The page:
The Centers for Disease Control and Prevention (CDC) now says students can now sit three feet apart in classrooms rather than six feet.
In updated guidance released on Friday, the federal health agency said elementary school students can sit closer together as long as everyone wears masks – regardless of whether COVID-19 community transmission is low, moderate, substantial or high.
For middle and high school, pupils can also sit feet apart so long as mask use is universal, but only in areas where the spread of coronavirus is low, moderate, or substantial.
In neighborhoods where transmission is high, teenagers should sit at least six feet apart if they cannot cohort – which is when groups of students are kept together throughout the day to reduce spread.
However, adults are still required to be six feet apart from each other and from students.
The adjustment could lead to some schools foregoing remote learning entirely and help them return to in-person classes.
The CDC has updated it schools guidance and said students can sit three feet apart in classrooms rather than six feet. Pictured: CDC director Dr Rochelle Walensky testifies before a Senate committee on Capitol Hill, March 18
The updated recommendations come after a new study found no difference in COVID-19 cases rates among students or staff in districts that had students sitting three feet apart compared to six feet apart (above)
The updated recommendations come after a new study found there was no difference in COVID-19 case rates in districts where pupils sat further apart in classrooms compared to those where children sat closer together.
For the study, published in Clinical Infectious Diseases, the team, led by Harvard University, looked at 251 Massachusetts school districts open for in-person learning in fall 2020.
In those districts, there are 37,336 students who attend classes and 99,390 teachers and other faculty members.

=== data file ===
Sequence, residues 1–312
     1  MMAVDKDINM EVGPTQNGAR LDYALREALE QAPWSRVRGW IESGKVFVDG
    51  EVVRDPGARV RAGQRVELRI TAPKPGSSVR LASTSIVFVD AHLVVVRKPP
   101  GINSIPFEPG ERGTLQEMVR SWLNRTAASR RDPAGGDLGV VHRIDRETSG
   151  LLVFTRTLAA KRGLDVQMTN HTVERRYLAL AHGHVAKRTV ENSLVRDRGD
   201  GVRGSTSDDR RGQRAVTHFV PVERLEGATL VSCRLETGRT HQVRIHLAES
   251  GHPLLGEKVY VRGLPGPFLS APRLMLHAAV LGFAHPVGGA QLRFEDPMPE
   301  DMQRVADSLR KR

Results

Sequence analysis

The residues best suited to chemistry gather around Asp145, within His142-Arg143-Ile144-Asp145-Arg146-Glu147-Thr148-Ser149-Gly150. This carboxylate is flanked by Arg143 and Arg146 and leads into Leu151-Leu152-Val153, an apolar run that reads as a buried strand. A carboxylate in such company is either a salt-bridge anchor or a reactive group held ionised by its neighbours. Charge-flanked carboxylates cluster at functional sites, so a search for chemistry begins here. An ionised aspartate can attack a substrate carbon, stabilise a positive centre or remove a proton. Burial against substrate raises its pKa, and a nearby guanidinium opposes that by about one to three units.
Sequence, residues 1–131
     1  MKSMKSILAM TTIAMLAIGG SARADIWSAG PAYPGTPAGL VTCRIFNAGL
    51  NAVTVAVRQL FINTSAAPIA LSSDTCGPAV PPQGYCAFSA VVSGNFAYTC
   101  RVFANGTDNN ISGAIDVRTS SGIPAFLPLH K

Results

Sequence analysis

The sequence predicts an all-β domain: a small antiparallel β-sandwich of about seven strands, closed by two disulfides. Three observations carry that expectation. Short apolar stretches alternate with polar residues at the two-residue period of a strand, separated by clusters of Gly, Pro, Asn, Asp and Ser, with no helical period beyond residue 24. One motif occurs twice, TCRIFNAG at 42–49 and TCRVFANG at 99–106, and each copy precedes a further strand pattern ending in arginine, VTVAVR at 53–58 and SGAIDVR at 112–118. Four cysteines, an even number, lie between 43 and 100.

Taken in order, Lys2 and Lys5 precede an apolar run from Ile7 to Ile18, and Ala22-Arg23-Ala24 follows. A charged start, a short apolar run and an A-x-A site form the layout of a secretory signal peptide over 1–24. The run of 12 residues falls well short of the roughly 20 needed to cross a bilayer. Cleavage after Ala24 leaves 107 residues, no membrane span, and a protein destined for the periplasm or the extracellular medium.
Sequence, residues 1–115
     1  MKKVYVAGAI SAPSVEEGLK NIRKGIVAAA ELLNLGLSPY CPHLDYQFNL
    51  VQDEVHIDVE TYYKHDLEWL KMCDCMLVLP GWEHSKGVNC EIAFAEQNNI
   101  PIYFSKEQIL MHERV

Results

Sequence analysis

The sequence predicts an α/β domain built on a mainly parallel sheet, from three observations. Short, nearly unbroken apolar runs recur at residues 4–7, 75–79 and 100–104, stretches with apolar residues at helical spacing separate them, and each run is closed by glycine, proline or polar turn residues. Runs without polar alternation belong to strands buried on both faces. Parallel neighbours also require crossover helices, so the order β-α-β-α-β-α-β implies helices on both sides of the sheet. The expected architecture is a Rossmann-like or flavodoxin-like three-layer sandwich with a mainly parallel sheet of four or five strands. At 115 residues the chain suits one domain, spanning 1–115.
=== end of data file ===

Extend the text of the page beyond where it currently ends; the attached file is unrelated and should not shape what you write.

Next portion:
Between September 30 and January 7, 194 districts had students sitting a minimum of six feet apart and 49 had three feet of distance between desks.
Next, the team compared COVID-19 cases rates among the districts during the autumn semester.
Researchers found ‘no significant difference’ in coronavirus infection rates for either children or adults sitting six feet apart or three feet apart when universal mask wearing was in place.
The authors wrote that the findings mean ‘lower physical distancing policies can be adopted in school settings with masking mandates without negatively impacting student or staff safety.’
Additionally, the team found that rates of COVID-19 infections were lower in schools were lower than in the surrounding communities.
This suggests that school buildings may be safer locations for both students and teachers to be than in cities or towns.
They noted that schools with desks only three feet apart would allow more students to be seated in each classroom.
It would also prevent children from having to stay home and do remote learning even if conditions for in-person learning are safe.
Experts say the updated recommendations could help some school forego remote learning and return to in-person teaching. Pictured: Students sitting six feet apart at the Sinaloa Middle School in Novato, California, March 2
The study also found that rates of COVID-19 infections were lower in schools were lower than in the surrounding communities
CDC director Dr Rochelle Walensky noted the study herself during her testimony before the House Committee on Energy and Commerce’s oversight and investigations subcommittee on Wednesday.
‘As soon as our guidance came out, it became very clear that six feet was among the things that was keeping schools closed, and in that context science evolves,’ she said.
‘There has been one study that was published late last week that demonstrated in Massachusetts where there is generally 100 percent mask-wearing that three feet was actually safe.’
Walensky said the CDC was looking to update its guidance, but would not give a timeline on when that would occur.
The American Academy of Pediatrics currently recommends anywhere between three and six feet in schools while the World Health Organization recommends one meter, or 3.3 feet.
But not everyone agrees with updating the guidance.
Randi Weingarten, the president of the American Federation of Teachers, told The New York Times, she is ‘very concerned’ about the guidelines potentially changing and said that school districts should instead find more space so that more students can attend sitting six feet apart.
‘The problem is, it is a debate about convenience, not a debate about safety,’ Weingarten said.
‘All of a sudden, because we can’t squeeze in every single kid if it’s six feet that miraculously there’s now studies that say three feet are fine. And what’s going to happen is, people are just not going to trust it.’
Weingarten said this will make it difficult for schools to inset new protocols such as how students go to the bathroom.
She added that she believes the CDC is currently under ‘a lot of outside pressure’ to revise the recommendations.